A new study finds that the reinfections of Covid-19 are 90% less likely to result in hospitalization or death than primary infection. Scientists from Qatar found that it is rare for people to be reinfected with the virus. And when an individual does catch Covid-19 for a second time, the disease is generally mild.
Out of 353,326 people who tested positive in Qatar between February 2020 and April 2021, a total of 1,304 reinfections were identified. The analysis excluded 87,547 people who were vaccinated. Just four of the reinfections were severe enough to lead to acute care hospitalization. None required ICU admission, nor did any end in death. Among the primary infections, 28 people were admitted to an ICU, while seven died.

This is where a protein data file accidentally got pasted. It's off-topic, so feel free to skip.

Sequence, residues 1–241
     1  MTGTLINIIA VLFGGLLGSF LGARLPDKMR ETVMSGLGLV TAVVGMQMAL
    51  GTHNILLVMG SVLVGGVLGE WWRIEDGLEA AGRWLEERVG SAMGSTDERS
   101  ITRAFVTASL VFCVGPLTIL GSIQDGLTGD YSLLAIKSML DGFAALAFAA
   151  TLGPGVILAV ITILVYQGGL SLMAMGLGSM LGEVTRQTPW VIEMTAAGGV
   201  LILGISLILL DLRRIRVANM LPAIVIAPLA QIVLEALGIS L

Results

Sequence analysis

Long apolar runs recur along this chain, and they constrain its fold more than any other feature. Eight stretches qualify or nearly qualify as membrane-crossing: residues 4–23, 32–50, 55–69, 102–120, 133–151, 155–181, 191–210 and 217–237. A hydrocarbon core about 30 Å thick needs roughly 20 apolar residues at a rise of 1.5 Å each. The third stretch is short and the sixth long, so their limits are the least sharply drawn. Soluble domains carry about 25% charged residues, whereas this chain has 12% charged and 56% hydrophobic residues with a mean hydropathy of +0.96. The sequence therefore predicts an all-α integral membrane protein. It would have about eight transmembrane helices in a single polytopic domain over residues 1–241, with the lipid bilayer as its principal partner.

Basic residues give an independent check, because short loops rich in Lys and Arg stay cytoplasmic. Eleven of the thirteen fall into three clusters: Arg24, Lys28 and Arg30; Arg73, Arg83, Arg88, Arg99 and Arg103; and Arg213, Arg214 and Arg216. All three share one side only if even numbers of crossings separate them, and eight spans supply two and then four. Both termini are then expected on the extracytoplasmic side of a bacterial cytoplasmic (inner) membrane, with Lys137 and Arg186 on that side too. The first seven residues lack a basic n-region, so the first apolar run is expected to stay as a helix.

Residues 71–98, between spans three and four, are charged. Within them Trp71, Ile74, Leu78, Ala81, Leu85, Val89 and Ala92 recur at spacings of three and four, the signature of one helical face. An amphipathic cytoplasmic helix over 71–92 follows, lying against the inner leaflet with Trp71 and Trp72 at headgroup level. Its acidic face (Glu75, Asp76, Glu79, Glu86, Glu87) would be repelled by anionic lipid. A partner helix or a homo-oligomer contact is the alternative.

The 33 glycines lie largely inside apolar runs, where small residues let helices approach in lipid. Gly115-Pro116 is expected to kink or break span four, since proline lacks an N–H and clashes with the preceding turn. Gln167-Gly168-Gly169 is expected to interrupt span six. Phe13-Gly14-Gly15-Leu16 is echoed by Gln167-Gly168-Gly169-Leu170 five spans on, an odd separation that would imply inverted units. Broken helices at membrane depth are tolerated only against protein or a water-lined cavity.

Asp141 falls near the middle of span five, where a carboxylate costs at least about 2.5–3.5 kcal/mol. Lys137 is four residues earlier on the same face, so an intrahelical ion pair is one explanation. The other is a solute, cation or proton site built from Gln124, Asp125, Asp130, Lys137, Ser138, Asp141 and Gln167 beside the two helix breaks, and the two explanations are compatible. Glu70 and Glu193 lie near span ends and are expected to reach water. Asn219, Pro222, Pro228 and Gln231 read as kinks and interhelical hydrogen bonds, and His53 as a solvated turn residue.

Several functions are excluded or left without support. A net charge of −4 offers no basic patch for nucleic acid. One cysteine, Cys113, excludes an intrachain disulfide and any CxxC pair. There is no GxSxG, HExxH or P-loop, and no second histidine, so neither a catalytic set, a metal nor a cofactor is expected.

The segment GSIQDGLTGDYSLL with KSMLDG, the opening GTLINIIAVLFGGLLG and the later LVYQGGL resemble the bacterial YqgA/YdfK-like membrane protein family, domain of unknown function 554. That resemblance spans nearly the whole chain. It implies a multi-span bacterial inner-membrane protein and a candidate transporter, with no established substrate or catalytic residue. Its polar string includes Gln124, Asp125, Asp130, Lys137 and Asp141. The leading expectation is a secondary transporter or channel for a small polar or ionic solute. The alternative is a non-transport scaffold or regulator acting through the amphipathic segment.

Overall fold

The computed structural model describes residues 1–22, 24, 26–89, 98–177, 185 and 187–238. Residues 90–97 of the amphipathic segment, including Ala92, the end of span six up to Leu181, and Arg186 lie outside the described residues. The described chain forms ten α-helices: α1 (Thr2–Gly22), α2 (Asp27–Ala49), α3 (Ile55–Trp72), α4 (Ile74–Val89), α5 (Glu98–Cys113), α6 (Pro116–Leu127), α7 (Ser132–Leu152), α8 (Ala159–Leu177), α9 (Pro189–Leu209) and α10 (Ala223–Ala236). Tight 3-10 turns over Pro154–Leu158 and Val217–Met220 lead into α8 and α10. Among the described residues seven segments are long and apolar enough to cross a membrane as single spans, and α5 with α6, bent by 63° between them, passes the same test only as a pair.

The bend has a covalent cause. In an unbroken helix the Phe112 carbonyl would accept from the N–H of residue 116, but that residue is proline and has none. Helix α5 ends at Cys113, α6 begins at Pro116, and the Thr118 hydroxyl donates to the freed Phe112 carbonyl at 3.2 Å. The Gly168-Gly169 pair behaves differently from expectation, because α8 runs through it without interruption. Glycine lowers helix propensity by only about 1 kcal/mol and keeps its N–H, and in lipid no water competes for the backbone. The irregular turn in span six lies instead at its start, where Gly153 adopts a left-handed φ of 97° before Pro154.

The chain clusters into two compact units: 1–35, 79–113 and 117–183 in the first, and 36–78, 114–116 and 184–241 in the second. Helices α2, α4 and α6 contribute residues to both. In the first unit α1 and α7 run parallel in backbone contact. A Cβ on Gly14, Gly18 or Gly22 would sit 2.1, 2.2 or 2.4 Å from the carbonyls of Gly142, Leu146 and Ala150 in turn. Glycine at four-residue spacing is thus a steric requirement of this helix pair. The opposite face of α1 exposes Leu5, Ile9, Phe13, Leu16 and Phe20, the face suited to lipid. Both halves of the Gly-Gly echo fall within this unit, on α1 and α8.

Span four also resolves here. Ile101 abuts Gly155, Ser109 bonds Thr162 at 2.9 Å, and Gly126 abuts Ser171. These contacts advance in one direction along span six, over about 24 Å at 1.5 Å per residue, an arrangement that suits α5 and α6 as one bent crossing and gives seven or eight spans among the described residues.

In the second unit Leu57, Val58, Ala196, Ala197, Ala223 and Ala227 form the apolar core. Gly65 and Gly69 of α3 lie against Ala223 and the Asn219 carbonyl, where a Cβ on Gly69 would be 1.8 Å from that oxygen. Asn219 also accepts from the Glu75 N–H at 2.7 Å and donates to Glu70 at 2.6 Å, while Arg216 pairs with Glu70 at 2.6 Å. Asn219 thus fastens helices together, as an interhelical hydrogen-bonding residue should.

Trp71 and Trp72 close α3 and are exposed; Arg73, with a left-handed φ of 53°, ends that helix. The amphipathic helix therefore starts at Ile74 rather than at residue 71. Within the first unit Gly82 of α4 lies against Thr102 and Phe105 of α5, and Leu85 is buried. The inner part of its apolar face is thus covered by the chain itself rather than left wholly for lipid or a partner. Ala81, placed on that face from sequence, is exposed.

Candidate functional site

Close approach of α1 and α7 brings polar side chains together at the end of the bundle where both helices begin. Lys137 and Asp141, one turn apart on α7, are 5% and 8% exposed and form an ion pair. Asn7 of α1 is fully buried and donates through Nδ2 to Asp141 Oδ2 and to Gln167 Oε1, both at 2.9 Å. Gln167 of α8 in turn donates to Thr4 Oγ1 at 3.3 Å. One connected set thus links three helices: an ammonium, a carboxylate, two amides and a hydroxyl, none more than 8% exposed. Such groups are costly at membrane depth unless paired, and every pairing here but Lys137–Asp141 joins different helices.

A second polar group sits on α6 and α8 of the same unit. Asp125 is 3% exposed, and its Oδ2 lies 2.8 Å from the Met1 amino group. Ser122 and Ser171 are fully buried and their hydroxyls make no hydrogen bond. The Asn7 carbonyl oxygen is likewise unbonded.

The study, published in the New England Journal of Medicine, concluded that reinfections were not only milder than the initial infection but far less likely to lead to hospitalization or death. Reinfection was defined as the first positive swab obtained at least 90 days after being initially diagnosed with Covid-19.
The vast majority of the reinfections caused the Beta variant, which is more effective than other mutations at evading the body’s immune response. Researchers also found that the median time between the first and second infection was around nine months. The first wave of conditions in Qatar struck between March and June of 2020, after which 40% of the population had detectable antibodies against Covid-19. Paul Hunter, a professor in medicine at the University of East Anglia, said the paper supports pre-existing evidence which shows that reinfections are usually but not consistently less severe than initial infections